There’s nothing new about the McCafé.
But a McDonald’s hipster café serving quinoa, single origin coffee and serving it on chopping boards? That’s pretty ground breaking for this fast food giant.
It’s no secret that the traditional McDonald’s format has been losing fans over the years. No matter how many salads and yoghurt cups they introduce, it’s hard to see beyond two all-beef patties, special sauce, lettuce, cheese, pickles, onions on a sesame seed bun.
They had to do something drastic. And it seems that move was to turn a former McCafé in Sydney’s inner city suburb of Camperdown into a ‘learning lab’ – a testing ground for new dishes and service styles.
I’m not a Macca’s customer (unless it’s 3am, I’m hungry and it’s the only viable option) but this concept instantly piqued my interest. Plus I love the fact they chose Sydney to trial it, no doubt because we punch well above our weight in the hipster stakes.
A Sunday night recce was the perfect opportunity to scope it out; just me, my trusty friend Marty and a handful of harried nurses from the adjacent RPA Hospital.
The McDonald’s branding is so slight that if you blink, you’ll miss it. There’s just a small McCafé logo under the main entry sign and a few references in the menus. Although I think most people would recognise the distinctive light brown tiles in the kitchen (didn’t everyone take a tour of the kitchen during a McDonald’s children’s birthday party at some stage?).
At first glance all the hipster café signs are there; doggy parking, an outdoor herb garden and plenty of ‘super foods’ like quinoa and kale.
There are stations for salad, protein, sweets and coffee, along with a wall of pre-packaged goods that could have been lifted straight out of the UK’s EAT chain. A set of cute, step-by-step illustrations demonstrate how to build your own box from the selection.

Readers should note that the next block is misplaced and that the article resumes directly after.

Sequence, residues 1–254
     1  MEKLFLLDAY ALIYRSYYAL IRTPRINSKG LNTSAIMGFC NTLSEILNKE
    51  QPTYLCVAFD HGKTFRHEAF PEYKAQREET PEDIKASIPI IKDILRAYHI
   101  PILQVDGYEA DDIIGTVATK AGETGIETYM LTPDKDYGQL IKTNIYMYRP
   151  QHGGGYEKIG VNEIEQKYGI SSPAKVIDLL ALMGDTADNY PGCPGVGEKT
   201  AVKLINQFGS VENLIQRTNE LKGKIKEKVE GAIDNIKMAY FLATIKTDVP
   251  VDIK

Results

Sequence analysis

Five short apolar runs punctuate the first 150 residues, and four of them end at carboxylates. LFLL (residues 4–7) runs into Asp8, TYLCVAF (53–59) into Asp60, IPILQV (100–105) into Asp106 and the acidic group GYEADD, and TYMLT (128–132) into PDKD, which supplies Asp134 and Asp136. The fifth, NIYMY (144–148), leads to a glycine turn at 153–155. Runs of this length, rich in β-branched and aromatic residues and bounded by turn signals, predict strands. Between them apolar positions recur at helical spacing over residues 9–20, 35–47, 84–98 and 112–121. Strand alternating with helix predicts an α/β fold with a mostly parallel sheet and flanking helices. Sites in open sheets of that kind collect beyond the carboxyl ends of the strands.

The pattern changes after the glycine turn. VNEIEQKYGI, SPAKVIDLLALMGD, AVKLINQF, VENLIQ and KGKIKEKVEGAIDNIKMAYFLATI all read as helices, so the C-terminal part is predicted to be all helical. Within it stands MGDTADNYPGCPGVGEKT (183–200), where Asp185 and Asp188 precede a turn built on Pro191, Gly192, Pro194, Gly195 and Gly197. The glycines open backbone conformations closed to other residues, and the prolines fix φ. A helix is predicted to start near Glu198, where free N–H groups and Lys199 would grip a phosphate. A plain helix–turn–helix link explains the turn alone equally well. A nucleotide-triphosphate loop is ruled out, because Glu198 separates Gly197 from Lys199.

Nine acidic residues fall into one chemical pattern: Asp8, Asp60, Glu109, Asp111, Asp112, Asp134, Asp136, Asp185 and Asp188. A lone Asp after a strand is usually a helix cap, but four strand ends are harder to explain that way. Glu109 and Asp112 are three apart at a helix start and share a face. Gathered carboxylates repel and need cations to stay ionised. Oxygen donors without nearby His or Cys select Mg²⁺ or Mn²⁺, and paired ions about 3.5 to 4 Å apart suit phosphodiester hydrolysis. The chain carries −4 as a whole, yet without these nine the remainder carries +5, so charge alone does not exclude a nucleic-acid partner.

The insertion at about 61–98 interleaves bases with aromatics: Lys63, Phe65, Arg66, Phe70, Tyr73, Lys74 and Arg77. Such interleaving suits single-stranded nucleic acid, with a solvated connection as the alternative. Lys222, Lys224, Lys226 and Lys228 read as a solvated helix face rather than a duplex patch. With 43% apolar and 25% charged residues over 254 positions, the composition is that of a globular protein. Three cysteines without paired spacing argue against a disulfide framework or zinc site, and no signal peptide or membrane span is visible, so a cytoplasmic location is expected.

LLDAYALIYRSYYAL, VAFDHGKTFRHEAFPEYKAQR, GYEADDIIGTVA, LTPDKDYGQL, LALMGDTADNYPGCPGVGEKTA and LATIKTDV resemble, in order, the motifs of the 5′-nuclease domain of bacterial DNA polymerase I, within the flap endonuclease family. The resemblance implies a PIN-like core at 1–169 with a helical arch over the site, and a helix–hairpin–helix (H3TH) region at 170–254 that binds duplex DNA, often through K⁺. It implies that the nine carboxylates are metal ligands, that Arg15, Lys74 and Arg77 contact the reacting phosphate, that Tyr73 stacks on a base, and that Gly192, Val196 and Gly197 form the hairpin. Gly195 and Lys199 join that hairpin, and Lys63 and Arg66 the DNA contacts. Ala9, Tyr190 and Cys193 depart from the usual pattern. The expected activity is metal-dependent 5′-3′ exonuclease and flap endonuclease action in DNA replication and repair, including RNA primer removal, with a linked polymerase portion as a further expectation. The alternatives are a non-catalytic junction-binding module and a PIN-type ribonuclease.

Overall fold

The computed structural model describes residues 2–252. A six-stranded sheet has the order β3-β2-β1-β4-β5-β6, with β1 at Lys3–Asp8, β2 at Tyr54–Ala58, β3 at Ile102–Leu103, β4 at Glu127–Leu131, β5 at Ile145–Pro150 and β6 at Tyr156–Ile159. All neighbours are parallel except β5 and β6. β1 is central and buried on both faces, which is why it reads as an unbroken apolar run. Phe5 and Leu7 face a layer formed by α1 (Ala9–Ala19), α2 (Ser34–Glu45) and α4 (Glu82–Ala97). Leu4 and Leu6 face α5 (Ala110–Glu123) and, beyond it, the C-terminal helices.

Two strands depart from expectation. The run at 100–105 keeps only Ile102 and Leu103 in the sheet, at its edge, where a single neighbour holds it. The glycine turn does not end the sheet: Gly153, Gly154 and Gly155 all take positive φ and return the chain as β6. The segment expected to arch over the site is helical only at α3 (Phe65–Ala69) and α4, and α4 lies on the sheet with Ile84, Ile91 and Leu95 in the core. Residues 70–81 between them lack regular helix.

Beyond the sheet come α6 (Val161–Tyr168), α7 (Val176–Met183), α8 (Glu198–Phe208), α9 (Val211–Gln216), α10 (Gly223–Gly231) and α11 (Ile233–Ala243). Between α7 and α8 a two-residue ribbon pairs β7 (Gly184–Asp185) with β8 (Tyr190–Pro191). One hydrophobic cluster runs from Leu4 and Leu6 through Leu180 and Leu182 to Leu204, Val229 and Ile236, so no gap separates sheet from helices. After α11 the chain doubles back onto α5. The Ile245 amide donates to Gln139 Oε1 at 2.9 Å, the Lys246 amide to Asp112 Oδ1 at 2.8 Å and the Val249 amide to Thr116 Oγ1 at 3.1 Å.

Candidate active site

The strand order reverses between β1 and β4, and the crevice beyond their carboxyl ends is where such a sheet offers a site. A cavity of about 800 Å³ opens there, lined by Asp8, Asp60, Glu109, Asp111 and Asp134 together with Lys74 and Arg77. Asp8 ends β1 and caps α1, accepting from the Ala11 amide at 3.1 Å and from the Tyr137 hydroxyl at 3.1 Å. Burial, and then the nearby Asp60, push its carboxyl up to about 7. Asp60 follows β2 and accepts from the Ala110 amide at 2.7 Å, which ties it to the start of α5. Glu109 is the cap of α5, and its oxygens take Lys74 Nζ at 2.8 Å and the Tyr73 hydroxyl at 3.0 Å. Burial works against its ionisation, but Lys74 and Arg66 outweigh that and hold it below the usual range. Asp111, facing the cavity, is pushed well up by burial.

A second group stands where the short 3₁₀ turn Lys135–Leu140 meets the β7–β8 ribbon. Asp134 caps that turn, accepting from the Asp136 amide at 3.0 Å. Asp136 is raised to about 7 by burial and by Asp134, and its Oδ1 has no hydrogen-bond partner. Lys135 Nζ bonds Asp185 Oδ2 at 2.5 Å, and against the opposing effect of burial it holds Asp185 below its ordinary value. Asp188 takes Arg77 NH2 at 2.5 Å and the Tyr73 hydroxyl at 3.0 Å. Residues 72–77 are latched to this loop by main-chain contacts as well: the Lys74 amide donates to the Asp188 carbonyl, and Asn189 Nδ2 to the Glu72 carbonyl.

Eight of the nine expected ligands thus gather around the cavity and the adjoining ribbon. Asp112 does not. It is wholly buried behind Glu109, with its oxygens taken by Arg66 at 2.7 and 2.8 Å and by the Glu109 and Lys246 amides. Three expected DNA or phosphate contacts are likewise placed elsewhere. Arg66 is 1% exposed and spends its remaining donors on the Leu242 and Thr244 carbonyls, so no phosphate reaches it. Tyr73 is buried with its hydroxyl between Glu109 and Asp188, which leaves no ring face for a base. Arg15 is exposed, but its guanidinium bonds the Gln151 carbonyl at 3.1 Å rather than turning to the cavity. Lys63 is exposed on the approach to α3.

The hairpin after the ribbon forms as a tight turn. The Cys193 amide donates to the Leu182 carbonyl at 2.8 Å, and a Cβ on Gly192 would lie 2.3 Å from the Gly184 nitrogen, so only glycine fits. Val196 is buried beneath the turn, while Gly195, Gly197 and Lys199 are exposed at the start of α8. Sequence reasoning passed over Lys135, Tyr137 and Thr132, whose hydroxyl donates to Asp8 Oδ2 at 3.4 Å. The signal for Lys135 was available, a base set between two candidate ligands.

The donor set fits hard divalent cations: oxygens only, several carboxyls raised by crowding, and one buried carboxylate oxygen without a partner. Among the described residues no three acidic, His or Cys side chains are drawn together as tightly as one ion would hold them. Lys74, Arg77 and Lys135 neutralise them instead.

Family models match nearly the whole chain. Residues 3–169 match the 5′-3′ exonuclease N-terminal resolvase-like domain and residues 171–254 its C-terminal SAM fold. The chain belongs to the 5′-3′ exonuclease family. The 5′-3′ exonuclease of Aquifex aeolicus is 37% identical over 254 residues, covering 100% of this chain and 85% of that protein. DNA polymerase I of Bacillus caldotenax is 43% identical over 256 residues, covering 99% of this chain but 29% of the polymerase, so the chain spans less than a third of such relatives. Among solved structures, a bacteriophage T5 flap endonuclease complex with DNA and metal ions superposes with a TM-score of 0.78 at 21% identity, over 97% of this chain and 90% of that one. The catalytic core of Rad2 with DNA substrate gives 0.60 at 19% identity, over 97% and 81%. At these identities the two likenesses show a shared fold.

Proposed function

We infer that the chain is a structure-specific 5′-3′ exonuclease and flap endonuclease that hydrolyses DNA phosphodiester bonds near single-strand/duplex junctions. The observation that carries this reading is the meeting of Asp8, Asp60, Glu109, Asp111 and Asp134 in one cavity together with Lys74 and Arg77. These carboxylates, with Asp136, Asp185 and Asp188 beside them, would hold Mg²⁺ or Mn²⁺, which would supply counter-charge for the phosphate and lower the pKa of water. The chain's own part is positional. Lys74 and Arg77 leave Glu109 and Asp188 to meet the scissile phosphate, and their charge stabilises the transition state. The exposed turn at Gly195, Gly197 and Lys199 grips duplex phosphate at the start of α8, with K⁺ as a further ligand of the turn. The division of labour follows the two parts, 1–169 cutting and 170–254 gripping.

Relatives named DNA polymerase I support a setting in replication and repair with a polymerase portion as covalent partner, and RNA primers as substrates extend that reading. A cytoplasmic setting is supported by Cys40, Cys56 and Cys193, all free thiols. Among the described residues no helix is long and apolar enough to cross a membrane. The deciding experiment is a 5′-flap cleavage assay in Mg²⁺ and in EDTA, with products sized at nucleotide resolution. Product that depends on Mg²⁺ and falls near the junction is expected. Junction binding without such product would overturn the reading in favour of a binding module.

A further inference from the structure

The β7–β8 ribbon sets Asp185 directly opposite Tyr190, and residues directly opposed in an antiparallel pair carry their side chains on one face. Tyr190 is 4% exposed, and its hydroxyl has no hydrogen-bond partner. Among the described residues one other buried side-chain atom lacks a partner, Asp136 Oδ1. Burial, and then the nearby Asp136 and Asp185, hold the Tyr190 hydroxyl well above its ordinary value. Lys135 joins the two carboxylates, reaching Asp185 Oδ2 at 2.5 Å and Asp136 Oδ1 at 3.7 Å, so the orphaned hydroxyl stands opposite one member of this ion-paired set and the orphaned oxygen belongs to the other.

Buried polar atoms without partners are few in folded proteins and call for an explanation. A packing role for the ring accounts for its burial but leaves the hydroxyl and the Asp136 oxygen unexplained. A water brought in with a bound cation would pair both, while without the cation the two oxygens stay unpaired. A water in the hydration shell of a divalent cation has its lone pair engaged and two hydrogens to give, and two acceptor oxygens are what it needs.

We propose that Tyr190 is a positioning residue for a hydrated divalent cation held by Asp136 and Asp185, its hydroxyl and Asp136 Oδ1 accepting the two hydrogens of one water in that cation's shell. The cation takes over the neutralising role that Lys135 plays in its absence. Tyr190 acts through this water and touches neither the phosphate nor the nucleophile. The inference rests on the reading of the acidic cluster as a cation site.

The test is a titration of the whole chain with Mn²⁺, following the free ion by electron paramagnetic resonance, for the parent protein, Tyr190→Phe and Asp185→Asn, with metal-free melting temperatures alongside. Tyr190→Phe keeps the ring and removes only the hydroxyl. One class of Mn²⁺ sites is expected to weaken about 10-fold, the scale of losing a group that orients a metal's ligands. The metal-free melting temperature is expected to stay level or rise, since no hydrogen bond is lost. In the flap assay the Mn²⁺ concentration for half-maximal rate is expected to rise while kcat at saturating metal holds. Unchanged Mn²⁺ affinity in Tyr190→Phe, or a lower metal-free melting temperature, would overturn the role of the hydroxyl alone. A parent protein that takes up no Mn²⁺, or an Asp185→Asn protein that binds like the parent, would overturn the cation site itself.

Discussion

I went for a mix of salads including kale, pumpkin and tahini; Lebanese lentil; and roasted eggplant and pearl couscous. To this I added chipotle pulled beef which had been slow-cooked in a smoky barbeque-style sauce. There were half a dozen sauces to choose from to finish it all off and I somehow found myself ordering the Big Mac sauce, despite knowing full well it’s just a reversioning of thousand island dressing.
It all came presented in an aluminium Ikea dish which felt more suited to a camping trip but did the job. And the taste? Pretty great actually. The flavours in each salad were very complimentary, they didn’t go overboard on the dressings and the pulled beef literally pulled it all together. It was $10 very well spent.
One big hipster fail was the complete lack of gluten-free items. I was surprised at this oversight, especially as the café is within sight of the hospital.
That aside, I can see why it has become a new local for nurses, doctors, students and of course hipsters in the area and it’s hard to imagine it was ever a set of big yellow arches. I’ll be very interested to see if any of these dishes are drip-fed into the standard McDonald’s menu in the near future. I’ll definitely look out for that on my next 3am visit.
Good review Alex. This is around the corner from me and I’m intrigued by how it will fair with so many great cafes within 5mins of the area. But your blog has inspired me to give it a chance, and I am also impressed with Macca’s getting healthy. It is a good sign for eating habits of Australians. Also, a trivia note: There was a McDonalds in Newtown about 25yrs ago (where the Kelly’s on King is now), and got shut down due to community action and lack of business.
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I had no idea there was once a Maccas in Newtown, it’s encouraging to hear that the community won that battle. I wonder if this cafe model will replace some of the classic McDonald’s fast food outlets over time?
How interesting. I wonder if the entire concept will catch on? Don’t see this gaining too much ground in The States except in very select markets. The building that they set this one up in certainly complements what they’ve done inside (or perhaps the other way ’round?). You mentioned EAT, but my first thought was Pret a Manger, only (and I can’t believe I’m about to say this) better. Love the idea of their outdoor herb garden. As you mention, it will be interesting to see what trickles down. Though, since I haven’t set foot inside a MacDonald’s in decades, it would have to be the full deal to bring me inside.
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I think this concept would win over a well travelled palate like yours. Who knows, it might be Canada or Asia next!